# Quick Memory Trick

So, Haskell has an amazing potential for writing correct code, but sometimes it doesn’t leave an obvious way to remember things. With record or product types, we don’t usually write direct pattern matches to access fields. You’re much more likely to see field labels as accessor functions, or an extension like RecordWildCards or NamedFieldPuns, or occasionally a field match.

data User = User
, userAge :: Int
}

-- a direct pattern match, rare:
showUser :: User -> String
showUser (User name age _admin) =
name ++ "(age: " ++ show age ++ ")"

-- function accessor:
showUser :: User -> String
showUser user =
userName user ++ "(age: " ++ show (userAge user) ++ ")"

-- field pattern match:
showUser :: User -> String
showUser User { userName = name, userAge = age } =
name ++ "(age: " ++ show age ++ ")"

-- RecordWildCards
showUser :: User -> String
showUser User {..} =
userName ++ "(age: " ++ show userAge ++ ")"

-- NamedFieldPuns
showUser :: User -> String
showUser User { userName, userAge } =
userName ++ "(age: " ++ show userAge ++ ")"


When you write with the direct pattern match, you have to match every single field. In showUser, we had to match on the _admin field, even though we weren’t using it. If you ever add or remove a field, you have to modify the pattern match, even if the modified fields are irrelevant to the function. This causes noisy diffs and busywork that doesn’t get things done.

Accessor functions are super flexible - if we decide we want to refactor the User type to instead contain a first and last name, the field userName can be converted into a function that concatenates the two fields. This is like using methods instead of field access in Object Oriented languages.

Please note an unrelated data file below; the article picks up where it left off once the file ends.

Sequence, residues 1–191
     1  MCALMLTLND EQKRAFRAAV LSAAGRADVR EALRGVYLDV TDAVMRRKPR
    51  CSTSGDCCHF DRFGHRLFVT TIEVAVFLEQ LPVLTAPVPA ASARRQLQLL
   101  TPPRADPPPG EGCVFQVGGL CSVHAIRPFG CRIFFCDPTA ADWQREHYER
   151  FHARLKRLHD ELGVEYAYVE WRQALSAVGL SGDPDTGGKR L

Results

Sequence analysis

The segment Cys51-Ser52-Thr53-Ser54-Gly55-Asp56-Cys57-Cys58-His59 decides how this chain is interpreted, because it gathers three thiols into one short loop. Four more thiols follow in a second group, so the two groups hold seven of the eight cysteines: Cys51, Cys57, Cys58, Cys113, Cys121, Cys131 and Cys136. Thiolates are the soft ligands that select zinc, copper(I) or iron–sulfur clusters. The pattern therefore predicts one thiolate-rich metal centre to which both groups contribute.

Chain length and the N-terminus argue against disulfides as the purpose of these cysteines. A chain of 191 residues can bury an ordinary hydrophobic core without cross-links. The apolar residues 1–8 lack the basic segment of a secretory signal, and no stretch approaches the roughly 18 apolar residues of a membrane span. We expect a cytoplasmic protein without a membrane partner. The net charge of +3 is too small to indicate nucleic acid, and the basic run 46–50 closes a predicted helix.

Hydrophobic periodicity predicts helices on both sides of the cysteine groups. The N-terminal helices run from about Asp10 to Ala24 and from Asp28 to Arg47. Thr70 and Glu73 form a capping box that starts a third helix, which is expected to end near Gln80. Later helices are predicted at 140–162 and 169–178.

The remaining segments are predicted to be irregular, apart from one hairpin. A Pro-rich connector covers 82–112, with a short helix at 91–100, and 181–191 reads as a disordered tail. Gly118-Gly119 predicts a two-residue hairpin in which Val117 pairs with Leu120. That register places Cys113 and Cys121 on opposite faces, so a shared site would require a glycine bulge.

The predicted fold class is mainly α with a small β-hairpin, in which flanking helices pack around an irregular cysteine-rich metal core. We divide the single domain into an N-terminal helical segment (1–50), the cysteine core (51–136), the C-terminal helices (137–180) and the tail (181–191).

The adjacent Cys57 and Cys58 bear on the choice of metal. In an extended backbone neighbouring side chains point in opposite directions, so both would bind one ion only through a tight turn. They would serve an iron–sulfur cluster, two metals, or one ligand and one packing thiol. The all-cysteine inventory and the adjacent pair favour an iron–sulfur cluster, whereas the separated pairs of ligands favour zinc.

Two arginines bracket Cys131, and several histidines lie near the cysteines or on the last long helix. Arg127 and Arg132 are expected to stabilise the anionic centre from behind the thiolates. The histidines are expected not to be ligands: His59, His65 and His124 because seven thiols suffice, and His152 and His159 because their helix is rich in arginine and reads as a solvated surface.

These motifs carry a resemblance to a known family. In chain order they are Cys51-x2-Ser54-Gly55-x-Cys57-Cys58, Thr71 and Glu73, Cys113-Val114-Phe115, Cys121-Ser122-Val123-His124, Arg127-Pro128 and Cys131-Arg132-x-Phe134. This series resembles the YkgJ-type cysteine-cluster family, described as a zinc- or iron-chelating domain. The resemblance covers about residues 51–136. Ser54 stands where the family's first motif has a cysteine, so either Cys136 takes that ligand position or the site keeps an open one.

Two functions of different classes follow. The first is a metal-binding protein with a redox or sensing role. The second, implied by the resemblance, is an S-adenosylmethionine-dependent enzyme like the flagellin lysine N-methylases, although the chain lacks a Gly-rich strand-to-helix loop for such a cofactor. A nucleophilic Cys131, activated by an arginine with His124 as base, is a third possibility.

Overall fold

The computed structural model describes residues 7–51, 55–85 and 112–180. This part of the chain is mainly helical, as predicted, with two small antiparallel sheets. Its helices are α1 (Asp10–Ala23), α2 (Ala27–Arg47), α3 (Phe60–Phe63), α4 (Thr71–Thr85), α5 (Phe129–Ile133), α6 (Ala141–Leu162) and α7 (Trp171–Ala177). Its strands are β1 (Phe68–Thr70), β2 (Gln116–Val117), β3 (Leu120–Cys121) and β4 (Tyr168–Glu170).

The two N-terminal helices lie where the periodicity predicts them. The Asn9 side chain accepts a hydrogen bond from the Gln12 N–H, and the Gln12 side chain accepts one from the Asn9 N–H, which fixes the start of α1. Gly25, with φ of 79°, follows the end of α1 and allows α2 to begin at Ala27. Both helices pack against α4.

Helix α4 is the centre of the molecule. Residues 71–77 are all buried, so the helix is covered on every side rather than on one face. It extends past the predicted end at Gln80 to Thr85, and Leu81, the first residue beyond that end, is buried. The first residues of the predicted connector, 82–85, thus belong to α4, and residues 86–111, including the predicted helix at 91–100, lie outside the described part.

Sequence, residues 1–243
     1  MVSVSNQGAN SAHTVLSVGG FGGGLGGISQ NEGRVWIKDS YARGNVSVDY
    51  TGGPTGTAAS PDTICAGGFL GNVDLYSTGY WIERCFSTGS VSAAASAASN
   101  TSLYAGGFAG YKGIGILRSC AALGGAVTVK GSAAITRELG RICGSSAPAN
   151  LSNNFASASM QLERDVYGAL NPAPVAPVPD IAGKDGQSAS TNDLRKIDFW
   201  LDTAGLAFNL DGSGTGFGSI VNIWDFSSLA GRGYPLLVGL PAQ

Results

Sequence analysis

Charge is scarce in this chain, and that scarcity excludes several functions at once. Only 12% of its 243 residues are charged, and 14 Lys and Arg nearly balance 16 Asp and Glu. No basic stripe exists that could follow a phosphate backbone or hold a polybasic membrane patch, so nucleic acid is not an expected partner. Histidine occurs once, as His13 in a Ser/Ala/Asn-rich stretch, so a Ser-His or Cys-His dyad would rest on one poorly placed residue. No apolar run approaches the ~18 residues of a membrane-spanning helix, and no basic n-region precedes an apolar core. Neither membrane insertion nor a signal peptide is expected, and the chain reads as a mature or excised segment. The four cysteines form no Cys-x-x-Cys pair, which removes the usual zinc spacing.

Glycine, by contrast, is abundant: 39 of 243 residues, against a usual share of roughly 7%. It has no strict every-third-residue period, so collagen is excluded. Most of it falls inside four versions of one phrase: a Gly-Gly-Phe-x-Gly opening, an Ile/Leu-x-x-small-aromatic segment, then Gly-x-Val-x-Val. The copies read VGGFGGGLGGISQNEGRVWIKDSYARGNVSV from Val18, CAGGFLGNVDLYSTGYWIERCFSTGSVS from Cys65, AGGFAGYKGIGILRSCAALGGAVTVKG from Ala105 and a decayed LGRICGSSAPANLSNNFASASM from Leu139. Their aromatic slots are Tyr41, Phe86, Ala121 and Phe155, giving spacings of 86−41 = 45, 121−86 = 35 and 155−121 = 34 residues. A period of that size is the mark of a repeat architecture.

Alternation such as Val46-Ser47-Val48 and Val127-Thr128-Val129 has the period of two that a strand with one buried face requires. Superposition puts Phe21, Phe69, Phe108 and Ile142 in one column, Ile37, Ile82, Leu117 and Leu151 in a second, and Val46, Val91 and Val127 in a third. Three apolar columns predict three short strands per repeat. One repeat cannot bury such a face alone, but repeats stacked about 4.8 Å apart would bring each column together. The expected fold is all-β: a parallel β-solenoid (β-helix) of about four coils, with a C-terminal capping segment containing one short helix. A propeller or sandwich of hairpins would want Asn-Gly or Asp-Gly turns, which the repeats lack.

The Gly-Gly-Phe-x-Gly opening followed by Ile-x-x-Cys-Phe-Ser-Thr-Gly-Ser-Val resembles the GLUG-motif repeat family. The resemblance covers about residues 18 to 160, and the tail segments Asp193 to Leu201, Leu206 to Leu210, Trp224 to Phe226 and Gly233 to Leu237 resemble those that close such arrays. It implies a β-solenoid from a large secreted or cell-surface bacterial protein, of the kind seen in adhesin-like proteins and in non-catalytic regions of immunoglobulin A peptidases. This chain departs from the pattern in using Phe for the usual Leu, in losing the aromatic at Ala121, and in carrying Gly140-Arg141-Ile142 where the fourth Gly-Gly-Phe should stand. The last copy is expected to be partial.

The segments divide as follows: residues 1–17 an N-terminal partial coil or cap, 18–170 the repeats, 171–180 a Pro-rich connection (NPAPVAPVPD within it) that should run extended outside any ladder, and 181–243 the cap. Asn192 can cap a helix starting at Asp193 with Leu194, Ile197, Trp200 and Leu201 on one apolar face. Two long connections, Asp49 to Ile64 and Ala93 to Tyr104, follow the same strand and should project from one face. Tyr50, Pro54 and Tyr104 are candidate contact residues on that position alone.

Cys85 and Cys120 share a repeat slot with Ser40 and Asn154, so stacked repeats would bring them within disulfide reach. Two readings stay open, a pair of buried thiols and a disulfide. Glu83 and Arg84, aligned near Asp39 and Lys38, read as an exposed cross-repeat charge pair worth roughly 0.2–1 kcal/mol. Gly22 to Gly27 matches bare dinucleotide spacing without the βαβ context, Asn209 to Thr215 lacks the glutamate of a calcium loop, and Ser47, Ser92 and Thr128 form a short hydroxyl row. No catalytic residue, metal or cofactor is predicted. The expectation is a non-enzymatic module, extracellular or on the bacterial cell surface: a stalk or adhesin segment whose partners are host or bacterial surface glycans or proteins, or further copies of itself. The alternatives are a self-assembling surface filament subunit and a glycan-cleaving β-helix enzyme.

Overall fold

But often times the “field pattern matches” are more convenient, and they’re just as resilient to modifications of irrelevant fields. If a record type has fields that are irrelevant to the function, then this is a safe and reasonable choice.

Sometimes, they’re so convenient that you want to use RecordWildCards to pattern match all the fields out, and consume all of them. Is there a way to get the convenience of RecordWildCards and the safety of knowing that modifying the type will cause a compile error?

# Yes!

I call it the “Undefined Pattern Match” trick. This is a good way to check that all fields are accounted for in a codebase, even if the record isn’t being pattern matched. I discovered the trick because we have a number of places in the work codebase where adding or removing a field must be accounted for in a way that isn’t tracked in the types, or by pattern matching on a relevant value.

In the functions you’re defining that requires attention when a constructor changes, you write the following:

userFields :: [UserField]
userFields =
[ ( "name", SomeField userName )
, ( "age", SomeField userAge )
]
where
User _ _ _ =
undefined


Now, if I go to add a field to User (or remove one), then this function will cause a compile-error. I am reminded that I need to update this definition.

You can also user error to attach a note:

userFields :: [UserField]
userFields =
[ ( "name", SomeField userName )
, ( "age", SomeField userAge )
]
where
User _ _ _ =
error "Don't forget to update the fields"


Actually, since undefined can be used at any type, you can leave a note with it:

userFields :: [UserField]
userFields =
[ ( "name", SomeField userName )
, ( "age", SomeField userAge )
]
where
User _ _ _ =
undefined "Don't forget to update fields!"


If you use this pattern in your codebase a lot, you may want to make a helper term, so you can attach documentation.

-- | We use this function on the right-hand side of a pattern match
-- so we can remind ourselves to modify functions that rely on the
-- fields of a record.
undefinedPatternMatch :: String -> a
undefinedPatternMatch _ = undefined